The Goldman Sachs and Nike corporate logos are displayed on a post above the floor of the New York Stock Exchange, September 11, 2013. In the biggest shake-up of the Dow Jones industrial average in nearly a decade, Goldman Sachs, Visa and Nike will join the storied 30-stock index, with Bank of America, which just two years ago was the largest U.S. bank by assets, one of the names exiting the Dow.
"The traditional opening of earnings season was scheduled [to be] after Tuesday (10/8) with Alcoa; the new official Dow opening is [Thursday 9/26] with Nike," said Howard Silverblatt, a senior index analyst with S&P.
Alcoa used to be the first component of the Dow Jones Industrial Average to announce earnings.
But on September 10, it was announced that Nike and Goldman Sachs would be replacing Alcoa and Bank of America in the Dow.
As an aluminum producer with global footprint, Alcoa continues to be a bellwether of global economic activity.
But Nike is no slouch either. It too is a global player, but it offers insight into personal consumption rather than industrial activity.
And it literally has a major footprint in China, the world's second largest economy.
Unfortunately, Nike's results are expected to be impacted by some supply issues, a problem Alcoa coincidentally faced in aluminum.
"The athletic industry in China continues to make progress in working through excess inventory clearance issues through discounting," writes Citi analyst Kate McShane. "Belle (Nike and Adidas' largest retailer in China) reported a 1H13 beat, noting a relatively stable promotional environment and inventories. Belle’s increased investments in its clearance e-commerce platform should also benefit Nike."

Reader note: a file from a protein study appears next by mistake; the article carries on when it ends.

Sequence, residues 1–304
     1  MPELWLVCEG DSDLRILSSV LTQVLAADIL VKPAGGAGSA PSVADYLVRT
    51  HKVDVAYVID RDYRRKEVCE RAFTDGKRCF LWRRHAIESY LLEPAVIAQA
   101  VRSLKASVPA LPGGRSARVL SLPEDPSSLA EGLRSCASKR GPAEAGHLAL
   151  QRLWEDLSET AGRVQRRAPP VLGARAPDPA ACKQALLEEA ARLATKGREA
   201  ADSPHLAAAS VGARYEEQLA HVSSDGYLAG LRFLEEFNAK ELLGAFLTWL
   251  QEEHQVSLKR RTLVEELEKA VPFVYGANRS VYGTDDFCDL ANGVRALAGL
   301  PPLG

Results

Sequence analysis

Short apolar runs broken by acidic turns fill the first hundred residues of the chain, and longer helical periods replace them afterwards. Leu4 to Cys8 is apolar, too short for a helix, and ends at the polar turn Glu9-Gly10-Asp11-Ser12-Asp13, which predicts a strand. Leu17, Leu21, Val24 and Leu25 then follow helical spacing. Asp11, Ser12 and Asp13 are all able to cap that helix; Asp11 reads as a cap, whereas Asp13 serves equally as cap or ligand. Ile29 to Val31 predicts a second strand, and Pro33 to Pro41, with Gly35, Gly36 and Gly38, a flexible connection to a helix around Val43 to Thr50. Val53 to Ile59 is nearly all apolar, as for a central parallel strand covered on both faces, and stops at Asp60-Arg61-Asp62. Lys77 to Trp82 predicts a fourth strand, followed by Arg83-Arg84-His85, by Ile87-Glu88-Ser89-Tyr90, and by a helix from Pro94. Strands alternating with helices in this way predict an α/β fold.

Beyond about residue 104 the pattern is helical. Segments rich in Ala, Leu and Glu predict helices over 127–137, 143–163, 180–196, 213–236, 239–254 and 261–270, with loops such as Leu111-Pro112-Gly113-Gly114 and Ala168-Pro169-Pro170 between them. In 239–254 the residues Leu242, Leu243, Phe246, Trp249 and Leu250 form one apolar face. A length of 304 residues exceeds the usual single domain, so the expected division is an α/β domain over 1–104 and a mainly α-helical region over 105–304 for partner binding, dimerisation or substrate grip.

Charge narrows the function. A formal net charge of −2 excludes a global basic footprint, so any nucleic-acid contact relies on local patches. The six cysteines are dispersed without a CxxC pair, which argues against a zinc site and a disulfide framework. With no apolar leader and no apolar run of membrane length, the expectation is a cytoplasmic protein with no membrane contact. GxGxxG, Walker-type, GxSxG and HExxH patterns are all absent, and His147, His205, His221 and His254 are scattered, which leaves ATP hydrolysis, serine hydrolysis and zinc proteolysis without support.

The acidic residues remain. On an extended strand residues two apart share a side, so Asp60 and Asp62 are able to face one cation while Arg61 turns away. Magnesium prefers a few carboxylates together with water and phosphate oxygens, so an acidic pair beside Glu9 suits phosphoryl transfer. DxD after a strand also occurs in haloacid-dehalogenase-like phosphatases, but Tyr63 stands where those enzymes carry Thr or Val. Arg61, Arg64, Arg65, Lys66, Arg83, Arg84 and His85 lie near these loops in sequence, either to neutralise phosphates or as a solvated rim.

Citi expects Nike to report quarterly earnings of $0.77 per share, which is below the consensus estimate of $0.78. McShane has a Buy-rating on the stock with a $81 price target.
It's worth noting that the changes to the Dow will impact the earnings growth expectations for the Dow as a whole. From FactSet's John Butters:
It is interesting to note that the addition of these new components will actually result in lower expected earnings growth for the DJIA over the next several quarters. Using the “old” constituents (including Alcoa, Bank of America, and Hewlett-Packard), the average estimated earnings growth rate over the next five quarters (Q313 – Q314) is 6.9%. Using the “new” constituents (including Goldman Sachs, NIKE, and Visa), the average estimated earnings growth rate over the next five quarters is 5.0%. For each of these quarters, estimated earnings growth using the “new” components is expected to be lower than the expected earnings growth using the “old” components.
The main reason for the decrease in expected earnings growth under the “new” components is the removal of Bank of America from the index. As of today, Bank of America is projected to be the largest contributor to earnings growth for the DJIA in four of the next five quarters (with the exception of Q214). Over the next five quarters (Q313 – Q314), the projected EPS estimates for Bank of America are $0.20, $0.29, $0.30, $0.34, and $0.35, compared to year-ago EPS numbers of $0.00, $0.03, $0.20, $0.32, and $0.20.
"The estimated earnings growth rate for Q3 2013 is 3.4%," said Butters of the S&P 500. "The Financials sector is predicted to report the highest earnings growth for the quarter, while the Health Care sector is predicted to report the lowest earnings growth for the quarter."
Nike's earnings will be released after the closing bell on Thursday.
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